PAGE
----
Thursday, March 08, 2007

Sometimes Life Suxors

It looks like poor ScurvyRat may be down for the count this time. He bounced back well from his surgeries and seemed to be on the mend, but he started breathing funny a few nights ago, as if his nose was whistling, and yesterday he was much worse, having a hard time breathing with this awful-sounding clicking, mucousy noise. It's not uncommon for rats to develop pneumonia/respiratory trouble when they're older and stressed and recovering from other maladies, and that seems to be the case.

Last night was rough, as our local small-town vet wasn't comfortable treating him any more, since she doesn't deal with exotics at all, so we couldn't get him to a vet last night. I understand her position but it also pissed me off a bit, as she wouldn't even give him any antiobiotics, as she claimed that "antibiotics are tricky with rats". Again, understandable, but it's sort of desperate measures time, and if he's in bad enough shape to possibly die anyway (and his owners completely understand that), well, it seems like you should be willing to take a shot and give him some antibiotics.

So we hung out with him last night and fed him bananas and scratched him and all that stuff. He was a little sluggish and sick, but not totally out of it, and still has some appetite and wanted to run around. He just was having such a hard time breathing and obviously in distress. Broke my heart to put him back in his house for the night and turn out the lights, leaving him in the dark, barely able to breathe, and nothing to do for him.

He made it through the night, though, and seems about the same as he was. Still struggling to breathe but he ate some more bananas this morning for breakfast, and he's still able to get around and doesn't seem to have given up quite yet. We're taking him to a vet in Austin today, even though things look kind of grim. I'm not sure what they can do for our sick, old rat, but we want to give him a chance, even if it's a two outer, if he's stubborn enough to hang around like he has so far.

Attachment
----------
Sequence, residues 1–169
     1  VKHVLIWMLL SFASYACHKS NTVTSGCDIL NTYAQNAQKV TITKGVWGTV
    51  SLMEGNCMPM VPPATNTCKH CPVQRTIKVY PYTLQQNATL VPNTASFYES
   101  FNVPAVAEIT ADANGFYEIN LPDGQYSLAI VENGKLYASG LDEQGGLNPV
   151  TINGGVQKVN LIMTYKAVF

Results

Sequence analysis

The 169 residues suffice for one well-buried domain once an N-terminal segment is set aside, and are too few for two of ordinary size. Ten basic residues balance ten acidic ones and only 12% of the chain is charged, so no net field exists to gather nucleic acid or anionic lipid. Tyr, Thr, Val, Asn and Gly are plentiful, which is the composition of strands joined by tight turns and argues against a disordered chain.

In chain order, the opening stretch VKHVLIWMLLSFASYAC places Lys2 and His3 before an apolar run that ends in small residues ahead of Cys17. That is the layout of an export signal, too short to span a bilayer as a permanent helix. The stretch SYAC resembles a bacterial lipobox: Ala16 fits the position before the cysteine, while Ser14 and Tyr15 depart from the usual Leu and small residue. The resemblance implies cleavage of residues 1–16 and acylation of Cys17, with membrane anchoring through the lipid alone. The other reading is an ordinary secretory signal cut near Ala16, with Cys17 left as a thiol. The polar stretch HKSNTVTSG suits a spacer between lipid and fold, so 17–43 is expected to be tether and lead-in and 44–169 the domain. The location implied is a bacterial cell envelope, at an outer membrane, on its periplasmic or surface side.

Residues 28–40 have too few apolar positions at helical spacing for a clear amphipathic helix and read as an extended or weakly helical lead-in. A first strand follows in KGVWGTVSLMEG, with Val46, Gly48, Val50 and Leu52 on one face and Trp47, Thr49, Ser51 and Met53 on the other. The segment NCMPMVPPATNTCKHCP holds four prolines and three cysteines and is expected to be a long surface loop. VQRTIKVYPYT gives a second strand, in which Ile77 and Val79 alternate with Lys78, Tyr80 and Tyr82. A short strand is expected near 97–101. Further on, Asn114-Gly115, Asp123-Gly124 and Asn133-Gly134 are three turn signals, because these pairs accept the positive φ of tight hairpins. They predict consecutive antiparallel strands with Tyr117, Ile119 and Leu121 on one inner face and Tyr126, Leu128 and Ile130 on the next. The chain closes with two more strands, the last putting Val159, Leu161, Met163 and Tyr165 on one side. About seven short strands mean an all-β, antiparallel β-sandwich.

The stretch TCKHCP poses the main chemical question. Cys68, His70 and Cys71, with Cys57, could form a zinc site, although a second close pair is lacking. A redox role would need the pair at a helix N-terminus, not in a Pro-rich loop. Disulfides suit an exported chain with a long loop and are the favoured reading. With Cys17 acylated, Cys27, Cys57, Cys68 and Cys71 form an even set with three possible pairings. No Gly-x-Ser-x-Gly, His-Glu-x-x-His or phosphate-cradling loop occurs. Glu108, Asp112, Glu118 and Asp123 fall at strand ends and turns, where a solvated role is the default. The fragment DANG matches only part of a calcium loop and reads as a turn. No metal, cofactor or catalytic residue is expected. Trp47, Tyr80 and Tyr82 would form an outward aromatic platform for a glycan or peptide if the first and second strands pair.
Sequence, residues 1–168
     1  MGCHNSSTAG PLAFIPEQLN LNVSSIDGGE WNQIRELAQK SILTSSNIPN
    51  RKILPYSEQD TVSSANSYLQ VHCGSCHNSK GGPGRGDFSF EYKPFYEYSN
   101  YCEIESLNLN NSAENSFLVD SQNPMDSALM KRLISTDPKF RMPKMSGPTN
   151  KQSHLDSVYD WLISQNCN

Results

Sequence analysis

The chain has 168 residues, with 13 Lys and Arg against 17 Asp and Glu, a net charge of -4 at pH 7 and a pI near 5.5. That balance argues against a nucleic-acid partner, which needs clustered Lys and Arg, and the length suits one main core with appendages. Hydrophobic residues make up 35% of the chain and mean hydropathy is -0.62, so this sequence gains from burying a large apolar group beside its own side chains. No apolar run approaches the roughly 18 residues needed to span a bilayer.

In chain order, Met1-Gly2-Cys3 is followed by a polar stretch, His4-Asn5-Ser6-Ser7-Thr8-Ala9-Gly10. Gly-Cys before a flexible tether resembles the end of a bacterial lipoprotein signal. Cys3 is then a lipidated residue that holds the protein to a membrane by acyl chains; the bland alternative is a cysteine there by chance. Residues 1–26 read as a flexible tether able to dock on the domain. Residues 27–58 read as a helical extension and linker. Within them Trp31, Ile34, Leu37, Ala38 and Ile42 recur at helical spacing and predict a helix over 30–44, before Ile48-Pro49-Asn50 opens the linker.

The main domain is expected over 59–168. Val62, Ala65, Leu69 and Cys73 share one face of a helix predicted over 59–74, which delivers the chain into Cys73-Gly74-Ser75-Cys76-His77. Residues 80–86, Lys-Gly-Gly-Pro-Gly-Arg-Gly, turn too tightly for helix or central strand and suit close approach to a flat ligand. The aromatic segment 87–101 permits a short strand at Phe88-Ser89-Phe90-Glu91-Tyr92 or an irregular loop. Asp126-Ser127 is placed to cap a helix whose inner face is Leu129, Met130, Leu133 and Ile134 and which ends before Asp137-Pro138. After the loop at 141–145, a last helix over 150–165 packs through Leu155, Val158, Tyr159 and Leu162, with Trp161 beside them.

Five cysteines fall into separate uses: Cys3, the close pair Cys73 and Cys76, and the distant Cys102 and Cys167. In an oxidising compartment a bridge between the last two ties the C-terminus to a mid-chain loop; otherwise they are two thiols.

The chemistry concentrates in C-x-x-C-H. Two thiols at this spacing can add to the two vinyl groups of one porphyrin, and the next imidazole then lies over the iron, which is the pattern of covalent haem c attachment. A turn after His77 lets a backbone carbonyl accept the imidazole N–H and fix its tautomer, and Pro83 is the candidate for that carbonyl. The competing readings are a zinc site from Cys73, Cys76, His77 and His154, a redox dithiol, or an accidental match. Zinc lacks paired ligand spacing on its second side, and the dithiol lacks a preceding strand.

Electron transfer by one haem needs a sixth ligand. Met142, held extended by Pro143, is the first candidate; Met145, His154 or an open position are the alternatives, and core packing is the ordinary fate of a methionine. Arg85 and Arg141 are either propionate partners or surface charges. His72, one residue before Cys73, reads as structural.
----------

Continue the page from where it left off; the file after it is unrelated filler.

Which is a lot of verbiage about a wee little sick rat, but it's more a preamble than anything. Each time he's stepped in the neighborhood of death's door it's freaked me out and wrecked me more than I'd have ever imagined. My first reaction to the extent that it wrecks me is always "That's odd, I'm more upset by this than when my grandparents died. What sort of freak am I?"

And, to be completely blunt and honest, it's true. I am more upset at the thought of ScurvyRat kicking the bucket than I was when either of my grandparents died. I know that sounds inhuman and terrible on the surface, but it's true.

But it's a little more complicated, obviously. Both of my grandparents died fairly suddenly, within a few years of one another, and in each case it was almost better that they went when they did, instead of facing a pretty bleak life due to the condition they'd have been in (in one case a major stroke and in the other paralysis and other complications from lung surgery).

I'd moved away from Tennessee long ago when it happened, so the funerals were more surreal for me than anything else. I expected I'd be wrecked and devastated when it happened, but I never really was. And it never was sort of a delayed reaction sort of emotional response, as far as hitting me later. I was very close to them growing up, loved them very much, but was pretty firm in my belief at the time that they'd lived a long life, done lots of things, and largely made the most of their time on this spinning ball of earth.